It seems the latest trend of enterprise IT is to adopt whatever’s hot in consumer tech, although usually because of necessity and security rather than by choice. The latest spinoff of the should-we/shouldn’t-we debate over mobile gadgets is the question of online or cloud storage. Google made it a household name with Google Docs and its array of Office-like applications, and more recently pushing it further with Google Music. With similar offerings from Amazon and Apple, the idea of the public cloud is losing its mystery and gaining a more everyday reputation.
Companies such as Dropbox, Box.net, and Mozy are getting in on the online storage trend, gaining attention from the New York Times Technology section, highlighted for their successful foray into the storage industry. As Verne G. Kopytoff reports, “Aaron Levie, chief executive of Box.net, an early online storage company based in Palo Alto, Calif., said that the increased adoption of mobile devices and ubiquity of online connections had created a bigger need for companies like this.” The article cites the decrease in cost of hardware such as servers and data storage devices as one of the main benefits these companies have experienced in the past years. Box.net’s server space leasing cost has decreased about five to eight times since 2005 when the company started.
But these online storage companies are no strangers to the number one deterrent for all things “cloud”: Security concerns. Even casual consumers understand that their photos of last week’s BBQ are at risk, let alone images of their passport or social security card. With the recent horrible stretch for cloud computing, it’s not hard to see why experts urge users to only store non-sensitive information to these platforms. Newer companies are using this skepticism to their advantage. Chief executive of Cx.com Brad Richardson told the New York Times he “was not intimidated by all the competition. Focusing on security will help set his company apart from rivals.” Aside from being a thorn in the IT department’s side, consumer cloud services often serve as a catalyst for innovation in enterprise IT. With Amazon’s Cloud Drive and Apple’s iCloud (announced today and compared here), it definitely seems that further improvements could be headed for enterprise data storage.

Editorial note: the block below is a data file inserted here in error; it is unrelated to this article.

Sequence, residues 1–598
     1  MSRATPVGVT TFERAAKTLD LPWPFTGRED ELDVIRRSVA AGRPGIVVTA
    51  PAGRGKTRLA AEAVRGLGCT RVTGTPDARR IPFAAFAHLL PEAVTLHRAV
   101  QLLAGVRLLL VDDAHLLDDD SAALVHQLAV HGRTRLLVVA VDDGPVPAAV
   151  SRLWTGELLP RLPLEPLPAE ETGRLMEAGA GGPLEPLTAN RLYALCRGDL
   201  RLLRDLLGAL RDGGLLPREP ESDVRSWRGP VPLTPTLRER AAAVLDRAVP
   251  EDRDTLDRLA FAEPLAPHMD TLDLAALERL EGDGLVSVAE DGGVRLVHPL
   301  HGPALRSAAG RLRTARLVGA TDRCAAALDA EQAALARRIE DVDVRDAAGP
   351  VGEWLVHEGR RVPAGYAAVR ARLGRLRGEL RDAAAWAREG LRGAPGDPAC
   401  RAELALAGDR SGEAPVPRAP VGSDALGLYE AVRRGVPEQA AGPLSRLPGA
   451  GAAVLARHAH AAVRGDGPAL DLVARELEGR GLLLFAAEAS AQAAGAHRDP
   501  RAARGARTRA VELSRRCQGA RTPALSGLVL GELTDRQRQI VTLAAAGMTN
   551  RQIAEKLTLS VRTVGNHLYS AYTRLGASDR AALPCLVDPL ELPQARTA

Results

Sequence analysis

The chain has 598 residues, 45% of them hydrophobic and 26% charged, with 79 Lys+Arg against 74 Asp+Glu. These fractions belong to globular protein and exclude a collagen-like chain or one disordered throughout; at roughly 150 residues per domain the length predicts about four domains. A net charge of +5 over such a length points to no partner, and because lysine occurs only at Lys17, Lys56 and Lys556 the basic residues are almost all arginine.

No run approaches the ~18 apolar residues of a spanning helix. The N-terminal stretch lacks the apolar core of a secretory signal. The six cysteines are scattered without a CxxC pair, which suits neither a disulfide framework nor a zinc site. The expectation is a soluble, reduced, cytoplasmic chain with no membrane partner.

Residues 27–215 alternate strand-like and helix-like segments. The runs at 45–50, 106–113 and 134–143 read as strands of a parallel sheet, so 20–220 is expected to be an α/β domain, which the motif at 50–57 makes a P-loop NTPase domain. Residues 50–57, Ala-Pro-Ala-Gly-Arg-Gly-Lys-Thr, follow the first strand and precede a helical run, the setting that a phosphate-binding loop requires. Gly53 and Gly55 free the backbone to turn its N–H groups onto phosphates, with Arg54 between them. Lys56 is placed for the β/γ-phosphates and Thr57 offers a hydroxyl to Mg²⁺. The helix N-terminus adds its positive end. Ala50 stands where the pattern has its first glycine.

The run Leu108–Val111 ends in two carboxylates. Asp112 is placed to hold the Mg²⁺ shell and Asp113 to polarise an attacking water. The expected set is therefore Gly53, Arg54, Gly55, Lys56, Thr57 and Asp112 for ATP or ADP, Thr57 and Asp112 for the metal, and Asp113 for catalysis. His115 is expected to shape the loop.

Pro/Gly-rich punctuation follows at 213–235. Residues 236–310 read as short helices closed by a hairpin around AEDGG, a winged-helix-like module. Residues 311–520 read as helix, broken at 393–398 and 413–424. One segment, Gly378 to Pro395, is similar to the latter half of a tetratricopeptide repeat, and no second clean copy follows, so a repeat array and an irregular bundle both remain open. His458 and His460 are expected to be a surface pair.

The next step up from consumer acceptance? Small- and medium-sized businesses. And as Ron Miller points out, cloud storage seems the most obvious option for SMBs:
Small businesses today are being built for a fraction of the cost of even 5 years ago precisely because these businesses don’t have to make huge investments in hardware infrastructure. By passing off these costs to infrastructure providers, small businesses can concentrate on building the business and not worrying about keeping the Exchange server up and running or adding a new drive to the network to handle increased usage.
So it seems the dividing line between trusting your data to online storage and not falls right where most other IT concerns do: Budget. The bottom line for now seems to be, if you’re just starting your business, taking advantage of cloud storage can diminish your costs and keep you afloat. If you’re a company with enough to invest in the hardware (or something to hide) to host your own data storage, use that to your advantage and keep track of your most sensitive data that way. Unless you’re Sony, then you might just want to bury your head in the sand.